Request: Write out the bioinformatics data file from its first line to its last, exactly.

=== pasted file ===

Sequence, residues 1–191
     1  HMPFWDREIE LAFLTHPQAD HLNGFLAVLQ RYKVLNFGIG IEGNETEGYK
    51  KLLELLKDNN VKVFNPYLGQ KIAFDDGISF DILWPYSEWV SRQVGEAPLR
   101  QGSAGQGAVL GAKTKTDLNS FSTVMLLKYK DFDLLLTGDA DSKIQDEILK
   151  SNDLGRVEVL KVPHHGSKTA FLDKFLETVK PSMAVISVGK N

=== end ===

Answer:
Sequence, residues 1–191
     1  HMPFWDREIE LAFLTHPQAD HLNGFLAVLQ RYKVLNFGIG IEGNETEGYK
    51  KLLELLKDNN VKVFNPYLGQ KIAFDDGISF DILWPYSEWV SRQVGEAPLR
   101  QGSAGQGAVL GAKTKTDLNS FSTVMLLKYK DFDLLLTGDA DSKIQDEILK
   151  SNDLGRVEVL KVPHHGSKTA FLDKFLETVK PSMAVISVGK N